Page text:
Selene of Alexandria by Faith L. Justice

My latest review over at Catholic

There’s nothing I’d rather do than to sit under a tree on a beautiful day and read a novel which transports me back in time. So I eagerly anticipated reading Selene of Alexandria by Faith Justice.

Admittedly, this was a hard book to get into. The author is a competent writer, but I initially had a difficult time bonding with the characters. As the story progressed, however, it became easier to relate to and bond with the characters.

Selene of Alexandria is a well-written, exquisitely-researched historical novel. It takes place in 412 AD and is the coming-of-age story of Selene, a teenager from a wealthy Christian family who yearns to be a physician. An early feminist, she has little interest in marriage.

Her family is not pleased, but eventually her father allows her to study with Hypatia, the renowned mathematician and philosopher of Alexandria. Because she is very intelligent and because she uses alternate means of healing, she gains many enemies and is eventually drawn into the rivalry between two candidates for Christian Patriarch: Cyril and Orestes, the Prefect.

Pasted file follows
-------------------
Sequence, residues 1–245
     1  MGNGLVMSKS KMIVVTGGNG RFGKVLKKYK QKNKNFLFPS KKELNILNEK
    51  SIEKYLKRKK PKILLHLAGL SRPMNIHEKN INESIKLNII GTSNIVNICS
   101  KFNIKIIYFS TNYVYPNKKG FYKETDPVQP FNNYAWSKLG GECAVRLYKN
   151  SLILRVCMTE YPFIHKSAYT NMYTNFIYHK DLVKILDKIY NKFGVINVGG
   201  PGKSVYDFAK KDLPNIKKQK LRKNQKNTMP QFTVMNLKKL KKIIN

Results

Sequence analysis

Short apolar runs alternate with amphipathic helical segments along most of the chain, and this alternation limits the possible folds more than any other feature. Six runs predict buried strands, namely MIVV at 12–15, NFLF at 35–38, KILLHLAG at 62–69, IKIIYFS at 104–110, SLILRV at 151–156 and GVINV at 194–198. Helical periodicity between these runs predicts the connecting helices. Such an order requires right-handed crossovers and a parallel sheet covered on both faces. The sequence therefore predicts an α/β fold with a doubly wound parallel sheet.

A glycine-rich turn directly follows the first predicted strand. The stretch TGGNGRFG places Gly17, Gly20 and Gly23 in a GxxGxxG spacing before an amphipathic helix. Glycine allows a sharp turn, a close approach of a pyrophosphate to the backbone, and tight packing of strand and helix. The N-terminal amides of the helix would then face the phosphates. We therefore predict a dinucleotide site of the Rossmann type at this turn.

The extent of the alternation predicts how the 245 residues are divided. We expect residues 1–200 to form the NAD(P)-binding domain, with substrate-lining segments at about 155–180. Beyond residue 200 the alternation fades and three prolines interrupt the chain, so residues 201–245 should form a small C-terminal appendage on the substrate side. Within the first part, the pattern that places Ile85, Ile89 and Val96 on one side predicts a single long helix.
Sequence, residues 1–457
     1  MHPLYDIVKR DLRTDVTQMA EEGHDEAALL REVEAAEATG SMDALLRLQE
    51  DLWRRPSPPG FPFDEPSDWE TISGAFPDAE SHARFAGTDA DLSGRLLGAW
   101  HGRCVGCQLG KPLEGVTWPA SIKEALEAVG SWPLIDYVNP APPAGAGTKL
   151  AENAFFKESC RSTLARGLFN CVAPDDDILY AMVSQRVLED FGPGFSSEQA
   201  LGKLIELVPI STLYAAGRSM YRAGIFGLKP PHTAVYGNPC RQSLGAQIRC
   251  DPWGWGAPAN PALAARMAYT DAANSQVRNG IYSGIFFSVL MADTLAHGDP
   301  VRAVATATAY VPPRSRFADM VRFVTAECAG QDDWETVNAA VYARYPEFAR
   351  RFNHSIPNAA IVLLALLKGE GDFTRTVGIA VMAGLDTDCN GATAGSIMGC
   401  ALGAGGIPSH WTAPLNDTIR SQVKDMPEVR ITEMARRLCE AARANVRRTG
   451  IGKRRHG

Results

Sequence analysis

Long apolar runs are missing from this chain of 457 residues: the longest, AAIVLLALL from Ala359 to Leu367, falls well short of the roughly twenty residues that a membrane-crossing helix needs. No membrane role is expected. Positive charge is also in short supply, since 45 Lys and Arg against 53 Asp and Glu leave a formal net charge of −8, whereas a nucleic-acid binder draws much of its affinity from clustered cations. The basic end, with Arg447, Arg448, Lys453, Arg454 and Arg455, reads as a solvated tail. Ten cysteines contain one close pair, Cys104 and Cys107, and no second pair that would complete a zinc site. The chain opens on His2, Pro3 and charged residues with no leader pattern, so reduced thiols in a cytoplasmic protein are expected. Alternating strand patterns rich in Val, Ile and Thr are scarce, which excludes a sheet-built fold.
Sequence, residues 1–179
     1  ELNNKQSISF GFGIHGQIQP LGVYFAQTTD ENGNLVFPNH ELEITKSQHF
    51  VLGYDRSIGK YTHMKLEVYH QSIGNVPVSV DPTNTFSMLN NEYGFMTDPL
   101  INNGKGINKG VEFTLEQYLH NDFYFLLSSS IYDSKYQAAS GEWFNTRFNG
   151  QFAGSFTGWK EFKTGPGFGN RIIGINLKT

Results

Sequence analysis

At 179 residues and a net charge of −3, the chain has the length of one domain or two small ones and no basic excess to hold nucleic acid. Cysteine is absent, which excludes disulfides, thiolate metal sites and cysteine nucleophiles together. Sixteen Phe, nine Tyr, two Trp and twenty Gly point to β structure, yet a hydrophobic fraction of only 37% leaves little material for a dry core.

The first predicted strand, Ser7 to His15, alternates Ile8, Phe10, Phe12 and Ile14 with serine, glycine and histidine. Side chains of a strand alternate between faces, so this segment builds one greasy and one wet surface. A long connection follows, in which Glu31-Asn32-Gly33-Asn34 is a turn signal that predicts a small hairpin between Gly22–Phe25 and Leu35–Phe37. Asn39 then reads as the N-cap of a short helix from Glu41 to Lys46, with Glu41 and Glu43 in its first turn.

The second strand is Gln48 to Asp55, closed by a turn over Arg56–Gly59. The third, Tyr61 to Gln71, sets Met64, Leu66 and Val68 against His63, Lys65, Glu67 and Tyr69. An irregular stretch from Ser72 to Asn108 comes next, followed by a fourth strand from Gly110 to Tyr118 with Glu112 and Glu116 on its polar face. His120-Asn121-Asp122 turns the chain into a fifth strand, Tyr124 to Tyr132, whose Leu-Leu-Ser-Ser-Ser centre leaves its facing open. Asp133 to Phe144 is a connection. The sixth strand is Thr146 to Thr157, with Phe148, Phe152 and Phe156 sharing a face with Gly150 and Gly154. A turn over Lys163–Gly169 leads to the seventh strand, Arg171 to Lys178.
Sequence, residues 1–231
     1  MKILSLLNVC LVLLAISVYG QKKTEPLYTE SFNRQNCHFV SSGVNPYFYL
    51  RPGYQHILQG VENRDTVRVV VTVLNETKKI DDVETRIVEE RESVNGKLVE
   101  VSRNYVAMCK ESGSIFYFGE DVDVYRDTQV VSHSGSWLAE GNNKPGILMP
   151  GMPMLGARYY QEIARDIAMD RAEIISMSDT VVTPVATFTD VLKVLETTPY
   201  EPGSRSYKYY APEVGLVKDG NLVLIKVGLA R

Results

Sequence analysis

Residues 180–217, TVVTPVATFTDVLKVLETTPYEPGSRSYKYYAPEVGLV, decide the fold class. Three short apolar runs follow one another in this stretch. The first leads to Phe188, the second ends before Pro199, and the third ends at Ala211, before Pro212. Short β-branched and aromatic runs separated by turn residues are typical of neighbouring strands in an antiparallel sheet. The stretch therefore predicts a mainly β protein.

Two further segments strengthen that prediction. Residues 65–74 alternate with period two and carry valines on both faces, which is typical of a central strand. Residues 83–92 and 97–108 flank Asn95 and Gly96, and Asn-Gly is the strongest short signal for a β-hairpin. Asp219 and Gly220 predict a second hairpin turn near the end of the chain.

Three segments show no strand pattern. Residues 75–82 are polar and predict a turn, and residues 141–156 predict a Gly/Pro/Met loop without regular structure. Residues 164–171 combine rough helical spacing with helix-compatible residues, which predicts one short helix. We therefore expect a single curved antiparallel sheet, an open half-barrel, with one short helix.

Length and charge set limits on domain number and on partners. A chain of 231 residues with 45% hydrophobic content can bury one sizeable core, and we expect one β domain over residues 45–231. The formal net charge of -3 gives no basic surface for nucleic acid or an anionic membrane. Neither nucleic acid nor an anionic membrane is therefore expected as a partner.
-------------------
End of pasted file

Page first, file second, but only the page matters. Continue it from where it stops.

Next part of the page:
Her childhood friend, Antonius, loves her, but she only has brotherly affection for him. She finds herself attracted to the Prefect, Orestes, although he is many years older. Other characters include Selene’s brothers, her father, Rebecca, a Jewish servant and many others. The climax of the story had me turning the pages very quickly.

A few criticisms…the cover was rather bland for a novel of this caliber. Also, I found some of the dialogue not consistent with the time period. And a warning: there is a sexually explicit scene in this book as well as a few near rape scenes which might be disturbing to younger readers. For these reasons, I would recommend this book to older teens and adults.

Selene of Alexandria is a well-written and well-researched novel. I recommend it to those who enjoy historical fiction.

It is available on

Copyright 2011 Ellen Gable Hrkach

St. Anthony and The Lost Wedding Ring

St. Anthony, the patron saint of lost things, has always been a favorite intercessor of mine. Over the past 30 years, his powerful intercession has helped us to find almost every thing we have ever lost. So when my husband, James, realized that his wedding band was missing, I was not worried. Instead, I immediately began praying to St. Anthony, with trust in him that the ring would, at some point, be found.